• Twice exceptional children benefit from programs that play to their strengths. Twice exceptional students are more likely to be motivated to overcome their disabilities when presented with material and learning styles that capitalize on their talents or areas of special interest.
  • Twice exceptional children very often need support with organization and time management. Such students often benefit from individualized instruction in these organizational skills or in areas of any specific learning difference.
  • Twice exceptional children are often very hard on themselves. They can be perfectionists to a fault and suffer low self-esteem due to their high cognitive potential coupled with difficulty performing certain tasks. For instance, a twice exceptional child who is exceptionally creative and verbal may be a competent story teller but may struggle to produce written work due to a difficulty with fine motor tasks or a learning disability such as dyslexia or dysgraphia. For such children, assistive technologies—such as computers with word prediction software and visual organizers—can be powerful tools.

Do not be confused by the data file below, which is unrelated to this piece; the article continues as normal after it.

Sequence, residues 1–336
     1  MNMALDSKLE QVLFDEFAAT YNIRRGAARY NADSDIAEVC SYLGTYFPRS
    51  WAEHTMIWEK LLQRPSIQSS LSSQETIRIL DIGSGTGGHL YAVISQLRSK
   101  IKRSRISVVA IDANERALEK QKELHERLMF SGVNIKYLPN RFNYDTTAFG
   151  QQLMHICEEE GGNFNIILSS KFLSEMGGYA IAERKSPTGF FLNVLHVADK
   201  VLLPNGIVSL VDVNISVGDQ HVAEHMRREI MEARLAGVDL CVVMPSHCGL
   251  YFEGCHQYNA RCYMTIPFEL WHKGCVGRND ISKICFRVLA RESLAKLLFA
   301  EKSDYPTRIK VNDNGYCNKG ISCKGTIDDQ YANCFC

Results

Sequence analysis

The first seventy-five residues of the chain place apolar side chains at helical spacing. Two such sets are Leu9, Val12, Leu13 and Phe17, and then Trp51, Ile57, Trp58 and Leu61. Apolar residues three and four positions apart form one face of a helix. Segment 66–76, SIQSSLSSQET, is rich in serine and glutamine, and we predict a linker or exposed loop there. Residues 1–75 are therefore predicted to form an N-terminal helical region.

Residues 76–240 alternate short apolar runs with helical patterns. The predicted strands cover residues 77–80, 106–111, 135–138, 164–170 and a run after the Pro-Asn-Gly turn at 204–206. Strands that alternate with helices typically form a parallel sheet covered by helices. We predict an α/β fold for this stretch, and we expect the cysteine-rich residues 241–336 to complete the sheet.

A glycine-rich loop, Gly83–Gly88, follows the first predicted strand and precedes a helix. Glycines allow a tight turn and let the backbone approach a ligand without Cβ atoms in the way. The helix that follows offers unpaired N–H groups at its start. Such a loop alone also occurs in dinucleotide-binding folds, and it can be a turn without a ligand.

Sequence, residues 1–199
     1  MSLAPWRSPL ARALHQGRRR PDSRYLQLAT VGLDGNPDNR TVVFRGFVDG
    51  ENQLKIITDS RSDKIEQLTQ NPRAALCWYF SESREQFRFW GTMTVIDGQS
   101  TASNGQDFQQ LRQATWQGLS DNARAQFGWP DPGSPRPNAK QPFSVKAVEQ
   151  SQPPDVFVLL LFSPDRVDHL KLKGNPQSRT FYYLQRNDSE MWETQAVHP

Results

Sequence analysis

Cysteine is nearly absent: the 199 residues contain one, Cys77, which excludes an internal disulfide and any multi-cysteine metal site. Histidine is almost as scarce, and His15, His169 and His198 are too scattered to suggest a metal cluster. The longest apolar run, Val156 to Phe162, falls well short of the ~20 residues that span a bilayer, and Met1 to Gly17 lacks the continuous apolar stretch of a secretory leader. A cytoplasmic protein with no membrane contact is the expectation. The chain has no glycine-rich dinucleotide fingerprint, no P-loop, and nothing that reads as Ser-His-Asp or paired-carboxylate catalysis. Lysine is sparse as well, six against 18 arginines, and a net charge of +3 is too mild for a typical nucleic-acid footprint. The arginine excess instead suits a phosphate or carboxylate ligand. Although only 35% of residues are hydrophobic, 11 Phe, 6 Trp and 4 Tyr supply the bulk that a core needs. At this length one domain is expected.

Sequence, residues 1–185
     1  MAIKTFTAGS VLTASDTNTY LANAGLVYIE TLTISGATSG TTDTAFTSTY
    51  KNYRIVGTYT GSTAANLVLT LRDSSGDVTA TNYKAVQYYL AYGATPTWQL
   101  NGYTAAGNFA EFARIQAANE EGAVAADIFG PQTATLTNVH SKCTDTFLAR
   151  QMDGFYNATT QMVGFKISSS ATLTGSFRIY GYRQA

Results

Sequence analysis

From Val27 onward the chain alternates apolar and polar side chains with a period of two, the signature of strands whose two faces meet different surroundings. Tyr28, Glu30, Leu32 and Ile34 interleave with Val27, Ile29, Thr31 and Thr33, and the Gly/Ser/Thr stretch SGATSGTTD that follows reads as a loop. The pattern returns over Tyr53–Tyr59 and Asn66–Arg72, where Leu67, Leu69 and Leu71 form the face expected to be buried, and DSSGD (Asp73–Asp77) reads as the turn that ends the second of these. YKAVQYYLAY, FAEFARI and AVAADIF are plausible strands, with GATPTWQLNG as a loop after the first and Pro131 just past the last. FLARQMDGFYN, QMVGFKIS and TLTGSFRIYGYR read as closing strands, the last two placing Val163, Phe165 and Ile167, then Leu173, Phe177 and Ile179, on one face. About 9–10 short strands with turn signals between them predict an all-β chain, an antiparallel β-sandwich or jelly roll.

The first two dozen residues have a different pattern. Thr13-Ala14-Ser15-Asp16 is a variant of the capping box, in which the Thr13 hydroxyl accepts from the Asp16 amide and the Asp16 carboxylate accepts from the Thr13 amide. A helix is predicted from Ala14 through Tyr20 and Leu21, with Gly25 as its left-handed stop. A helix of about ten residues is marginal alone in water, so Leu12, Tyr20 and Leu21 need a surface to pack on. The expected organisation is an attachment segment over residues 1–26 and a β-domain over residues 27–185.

• Twice exceptional children also experience social and emotional challenges that should be addressed. As with all children, a child’s educational performance includes not only academic achievement, but the child’s ability to access the learning environment emotionally, socially and behaviorally. Sometimes, twice exceptional children require support in order to participate socially (for instance, children with Asperger’s Syndrome). Other children may require counseling or support to understand their own exceptionality and how to cope with feelings of being different.

Planning for the Future

Currently, very few public or private schools have programming especially designed to meet the needs of twice exceptional children. Funding may play a role. An information gap may also play a role. Parents can help their twice exceptional children by educating teachers and school administrators about their child’s unique strengths and weaknesses, pursuing the testing and evaluations necessary to put together a complete profile of their child, and if warranted, pursuing an individualized educational plan for their twice exceptional child.

Information about how to meet the needs of these children continues to amass. For all of us, that is good news, since twice exceptional children are undoubtedly capable of making exceptional contributions.